would a LA do this?

melbo5(z7NY)May 25, 2007

Our home has some lovely plantings and features and yet it needs some "tweaking". We will also be needing to replace the driveway and other hardscapes in the next few years. I'm wondering if a LA would help me come up with a 5 year plan, doing a bit now and a bit each year. I live on Long Island, anyone have any suggestions?

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laag(z6CapeCod)

It depends on the LA. Many make their living on project management. Your project is not well suited for a higher profit margin, so is unlikely to get much interest from those who fit that description as it would displace a higher margin job. You can't blame them for that.

However there are many that do this sort of thing (I am one, but not in your area). You just have to pick up the phone and see who is interested. I think that it might take several calls before you find one who is willing to meet with you and write up a proposal.

Don't overlook good designers who are not LAs. It is a long, expensive, and difficult process to become licensed as an LA, so not so many people put themselves through that as they do not do major site planning and have little need for that broader skill set that is required to be an LA.

    Bookmark   May 25, 2007 at 6:59AM
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jjm_mommy

I'm in "upstate" NY and am a Landscape Designer. I have a AAS in Ornimental Hort from Finger Lakes Community College and an MA in LD from Cornell. Wish I was closer, because I'd help you. You might want to see if you can get an LD instead of an LA. You can be an LD with just an associate degree in Ornimental Horticulture where as LA's have masters degree AND has a state license. I never went for the State License. Don't know if Nassau Community College,any of the CUNY Colleges or Stony Brook have landscape programs, but you may want to check that out. Syracuse University and Cornell both have NY State accredited programs. You might be able to find a local college kid who needs the experience that can help you.
Also...you could also do is call your local Cooperative Extenstion office and talk to the director of the local Master Gardener Progeam. He/She may know of any Landscape Designers. If you don't know where your local CCE ofice is the main link is attached !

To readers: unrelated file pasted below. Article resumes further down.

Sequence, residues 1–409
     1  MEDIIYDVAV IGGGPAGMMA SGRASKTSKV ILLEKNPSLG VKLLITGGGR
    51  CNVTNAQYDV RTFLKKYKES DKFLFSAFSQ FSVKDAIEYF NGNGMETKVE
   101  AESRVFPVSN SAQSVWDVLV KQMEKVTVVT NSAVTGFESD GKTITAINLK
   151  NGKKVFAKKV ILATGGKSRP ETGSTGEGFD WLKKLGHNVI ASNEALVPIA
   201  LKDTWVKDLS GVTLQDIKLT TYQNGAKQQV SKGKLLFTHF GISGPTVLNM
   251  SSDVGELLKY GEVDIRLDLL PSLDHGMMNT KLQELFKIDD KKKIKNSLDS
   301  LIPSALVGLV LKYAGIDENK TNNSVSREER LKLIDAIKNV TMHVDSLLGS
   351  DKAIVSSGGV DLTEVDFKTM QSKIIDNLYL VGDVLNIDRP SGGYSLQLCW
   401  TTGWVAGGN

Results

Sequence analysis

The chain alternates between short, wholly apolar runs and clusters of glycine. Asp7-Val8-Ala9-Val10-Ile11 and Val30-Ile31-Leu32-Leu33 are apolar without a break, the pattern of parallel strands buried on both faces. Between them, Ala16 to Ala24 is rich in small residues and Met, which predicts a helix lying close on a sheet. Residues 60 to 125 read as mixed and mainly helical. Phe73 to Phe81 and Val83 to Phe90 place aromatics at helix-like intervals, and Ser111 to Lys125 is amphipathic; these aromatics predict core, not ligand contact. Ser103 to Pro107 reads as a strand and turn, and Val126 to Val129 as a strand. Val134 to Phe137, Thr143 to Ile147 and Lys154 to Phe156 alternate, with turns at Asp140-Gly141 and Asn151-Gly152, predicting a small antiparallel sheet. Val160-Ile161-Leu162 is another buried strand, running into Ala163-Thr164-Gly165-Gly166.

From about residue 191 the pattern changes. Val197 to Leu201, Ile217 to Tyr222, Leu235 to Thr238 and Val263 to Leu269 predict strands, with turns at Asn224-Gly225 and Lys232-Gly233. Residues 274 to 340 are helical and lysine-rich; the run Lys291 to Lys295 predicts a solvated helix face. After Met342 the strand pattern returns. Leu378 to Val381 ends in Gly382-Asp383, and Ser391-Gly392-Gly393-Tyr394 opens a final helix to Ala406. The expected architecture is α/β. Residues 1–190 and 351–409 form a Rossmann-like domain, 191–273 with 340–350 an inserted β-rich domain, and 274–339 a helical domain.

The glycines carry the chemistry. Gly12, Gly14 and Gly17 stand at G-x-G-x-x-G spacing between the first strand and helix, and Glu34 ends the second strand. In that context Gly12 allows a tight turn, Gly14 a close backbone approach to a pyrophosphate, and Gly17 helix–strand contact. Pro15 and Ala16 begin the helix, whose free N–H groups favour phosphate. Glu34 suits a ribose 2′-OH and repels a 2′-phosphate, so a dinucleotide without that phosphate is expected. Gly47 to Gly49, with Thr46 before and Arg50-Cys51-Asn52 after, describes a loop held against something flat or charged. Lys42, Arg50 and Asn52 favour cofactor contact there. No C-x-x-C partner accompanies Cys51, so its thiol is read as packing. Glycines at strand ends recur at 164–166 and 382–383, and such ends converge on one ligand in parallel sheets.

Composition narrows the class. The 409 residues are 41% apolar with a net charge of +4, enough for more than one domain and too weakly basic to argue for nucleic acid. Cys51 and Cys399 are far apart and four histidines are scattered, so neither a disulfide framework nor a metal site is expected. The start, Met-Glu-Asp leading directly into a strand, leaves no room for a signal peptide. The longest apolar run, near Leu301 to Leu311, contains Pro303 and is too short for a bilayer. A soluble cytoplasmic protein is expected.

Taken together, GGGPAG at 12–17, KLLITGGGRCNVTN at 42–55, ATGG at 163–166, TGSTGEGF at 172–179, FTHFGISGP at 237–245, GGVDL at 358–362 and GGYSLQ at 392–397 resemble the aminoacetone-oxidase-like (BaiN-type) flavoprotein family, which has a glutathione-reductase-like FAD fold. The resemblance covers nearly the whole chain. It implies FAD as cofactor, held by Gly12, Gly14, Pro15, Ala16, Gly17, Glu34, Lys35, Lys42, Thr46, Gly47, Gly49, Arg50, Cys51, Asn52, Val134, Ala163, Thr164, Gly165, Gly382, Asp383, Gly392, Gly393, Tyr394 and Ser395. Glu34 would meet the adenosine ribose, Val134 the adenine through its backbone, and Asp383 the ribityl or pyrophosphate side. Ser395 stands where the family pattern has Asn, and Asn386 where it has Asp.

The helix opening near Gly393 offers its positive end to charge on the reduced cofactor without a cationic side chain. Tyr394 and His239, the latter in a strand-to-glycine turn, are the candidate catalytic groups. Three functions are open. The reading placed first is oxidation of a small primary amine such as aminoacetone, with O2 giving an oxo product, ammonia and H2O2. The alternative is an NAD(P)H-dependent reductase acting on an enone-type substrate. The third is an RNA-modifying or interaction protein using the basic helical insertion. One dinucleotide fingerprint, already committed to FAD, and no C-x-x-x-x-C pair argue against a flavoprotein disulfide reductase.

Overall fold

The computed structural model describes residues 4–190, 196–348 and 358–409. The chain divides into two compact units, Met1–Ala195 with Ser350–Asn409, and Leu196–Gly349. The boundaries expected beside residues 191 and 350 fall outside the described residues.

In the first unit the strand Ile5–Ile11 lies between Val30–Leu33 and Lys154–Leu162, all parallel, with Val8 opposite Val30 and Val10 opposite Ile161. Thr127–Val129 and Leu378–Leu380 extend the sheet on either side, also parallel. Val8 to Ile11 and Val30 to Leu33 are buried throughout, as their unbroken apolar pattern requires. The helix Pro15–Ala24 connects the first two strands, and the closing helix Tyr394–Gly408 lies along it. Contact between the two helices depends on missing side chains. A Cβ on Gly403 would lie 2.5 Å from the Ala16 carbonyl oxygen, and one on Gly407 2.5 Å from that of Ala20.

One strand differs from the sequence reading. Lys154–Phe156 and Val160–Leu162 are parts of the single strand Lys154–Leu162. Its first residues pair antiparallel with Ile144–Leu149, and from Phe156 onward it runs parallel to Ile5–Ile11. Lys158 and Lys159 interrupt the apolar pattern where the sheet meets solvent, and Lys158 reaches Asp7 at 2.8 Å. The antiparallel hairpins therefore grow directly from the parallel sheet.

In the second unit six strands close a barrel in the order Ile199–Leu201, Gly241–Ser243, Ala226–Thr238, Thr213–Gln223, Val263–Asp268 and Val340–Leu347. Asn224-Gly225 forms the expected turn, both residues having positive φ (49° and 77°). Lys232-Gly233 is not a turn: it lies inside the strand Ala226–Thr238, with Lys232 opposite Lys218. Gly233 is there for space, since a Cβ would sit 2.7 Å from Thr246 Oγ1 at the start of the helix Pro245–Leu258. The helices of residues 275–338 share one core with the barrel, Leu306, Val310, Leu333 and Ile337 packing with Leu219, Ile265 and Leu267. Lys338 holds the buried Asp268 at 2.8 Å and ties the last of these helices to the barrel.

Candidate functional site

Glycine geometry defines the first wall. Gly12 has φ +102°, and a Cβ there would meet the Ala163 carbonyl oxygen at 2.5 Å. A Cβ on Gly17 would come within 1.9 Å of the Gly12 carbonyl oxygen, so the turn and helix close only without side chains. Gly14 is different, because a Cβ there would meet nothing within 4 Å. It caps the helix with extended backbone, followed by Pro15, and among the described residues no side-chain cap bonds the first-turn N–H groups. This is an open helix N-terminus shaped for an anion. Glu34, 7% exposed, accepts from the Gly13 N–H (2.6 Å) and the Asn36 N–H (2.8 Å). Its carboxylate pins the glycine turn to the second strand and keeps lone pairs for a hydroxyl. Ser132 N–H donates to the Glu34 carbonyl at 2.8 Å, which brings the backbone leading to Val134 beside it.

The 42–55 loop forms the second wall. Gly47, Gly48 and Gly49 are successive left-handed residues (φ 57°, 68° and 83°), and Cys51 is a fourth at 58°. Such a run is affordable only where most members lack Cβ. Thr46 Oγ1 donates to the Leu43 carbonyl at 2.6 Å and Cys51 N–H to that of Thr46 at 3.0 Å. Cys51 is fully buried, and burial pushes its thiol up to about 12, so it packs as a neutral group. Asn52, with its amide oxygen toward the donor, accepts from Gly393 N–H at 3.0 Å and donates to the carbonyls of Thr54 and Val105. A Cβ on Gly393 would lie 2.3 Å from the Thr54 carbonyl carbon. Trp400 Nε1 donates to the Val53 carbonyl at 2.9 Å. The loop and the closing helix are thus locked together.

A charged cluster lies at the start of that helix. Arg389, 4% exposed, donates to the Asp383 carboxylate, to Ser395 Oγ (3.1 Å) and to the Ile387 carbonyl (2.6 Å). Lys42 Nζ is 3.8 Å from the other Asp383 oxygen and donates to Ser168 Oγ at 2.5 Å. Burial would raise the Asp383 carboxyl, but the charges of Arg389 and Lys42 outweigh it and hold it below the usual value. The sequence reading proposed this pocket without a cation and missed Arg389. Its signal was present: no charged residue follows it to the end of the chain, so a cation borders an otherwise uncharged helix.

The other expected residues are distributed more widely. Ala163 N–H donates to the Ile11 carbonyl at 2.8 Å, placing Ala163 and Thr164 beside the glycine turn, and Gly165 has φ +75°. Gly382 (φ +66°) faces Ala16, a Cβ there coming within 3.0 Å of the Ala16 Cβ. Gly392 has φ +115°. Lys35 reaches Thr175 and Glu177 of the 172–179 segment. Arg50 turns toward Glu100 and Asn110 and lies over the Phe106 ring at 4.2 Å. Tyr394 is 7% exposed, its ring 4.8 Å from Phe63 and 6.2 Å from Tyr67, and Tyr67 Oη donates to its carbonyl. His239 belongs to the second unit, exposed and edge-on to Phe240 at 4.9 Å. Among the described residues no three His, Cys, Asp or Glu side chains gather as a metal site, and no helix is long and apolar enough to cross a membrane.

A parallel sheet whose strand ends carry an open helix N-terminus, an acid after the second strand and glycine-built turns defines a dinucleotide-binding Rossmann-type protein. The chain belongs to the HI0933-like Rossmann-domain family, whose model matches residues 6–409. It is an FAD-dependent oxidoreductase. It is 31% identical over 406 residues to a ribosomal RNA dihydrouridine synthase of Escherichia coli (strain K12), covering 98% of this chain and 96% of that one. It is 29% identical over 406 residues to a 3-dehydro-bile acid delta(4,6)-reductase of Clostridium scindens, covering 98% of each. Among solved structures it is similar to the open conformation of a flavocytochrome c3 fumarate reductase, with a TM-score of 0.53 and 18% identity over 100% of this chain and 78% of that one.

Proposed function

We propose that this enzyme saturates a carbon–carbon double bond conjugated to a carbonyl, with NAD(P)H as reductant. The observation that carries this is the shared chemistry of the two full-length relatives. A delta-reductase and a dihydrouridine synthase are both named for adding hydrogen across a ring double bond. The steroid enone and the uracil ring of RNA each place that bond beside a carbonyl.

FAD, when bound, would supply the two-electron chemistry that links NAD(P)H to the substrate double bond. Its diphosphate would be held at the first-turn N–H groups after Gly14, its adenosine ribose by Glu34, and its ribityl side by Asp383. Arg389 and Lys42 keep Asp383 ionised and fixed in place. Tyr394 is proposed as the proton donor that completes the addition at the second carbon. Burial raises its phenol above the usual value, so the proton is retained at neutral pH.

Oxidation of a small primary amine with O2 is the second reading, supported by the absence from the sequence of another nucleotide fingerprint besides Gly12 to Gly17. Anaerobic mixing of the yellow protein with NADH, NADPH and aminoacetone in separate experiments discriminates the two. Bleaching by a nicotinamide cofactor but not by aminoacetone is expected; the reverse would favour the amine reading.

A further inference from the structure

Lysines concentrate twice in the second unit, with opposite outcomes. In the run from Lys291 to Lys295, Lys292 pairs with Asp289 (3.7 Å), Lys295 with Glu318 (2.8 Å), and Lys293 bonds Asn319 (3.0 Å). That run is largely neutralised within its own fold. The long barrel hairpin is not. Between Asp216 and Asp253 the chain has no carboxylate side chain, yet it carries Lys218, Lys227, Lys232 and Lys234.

OR ...If you have a local garden center, see if they have some one there who does "side work". We have a samll family owned garden center chain here that has an LD and they are GREAT! No idea of the "big box " stores have people like that in their garden centers.

Here is a link that might be useful: Cornell Coperative Extension

    Bookmark   May 31, 2007 at 2:59PM
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laurabs(7b)

"You can be an LD with just an associate degree in Ornamental Horticulture"

JJM: I am in NC. I have access to NC State University. I am 45 and considering my return-to-school options. It sounds like you are finding work with your degree and are satisfied? I don't particularly relish going into business for myself, but is that the only way to make a living?

    Bookmark   June 18, 2007 at 1:57AM
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laurabs(7b)

Oops - I ran across something from the NC State website that should answer a lot of my questions.

http://www.ncsu.edu/majors-careers/do_with_major_in/showmajor.php?id=89

Here is a link that might be useful: NCSU website - choosing a major.

    Bookmark   June 18, 2007 at 2:04AM
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laag(z6CapeCod)

Not to be a PITA, but I would definately not hire a kid in college to draw up a 5 year landscape master plan. You'll get someone trained to draw plans and trained to gain from experience. Two great things to have moving into a career in landscape design, but not a great benefit to Melbo5.

Experience is going to get you a good plan. It is foolish to have an inexperienced designer do a master plan.

    Bookmark   June 18, 2007 at 7:24AM
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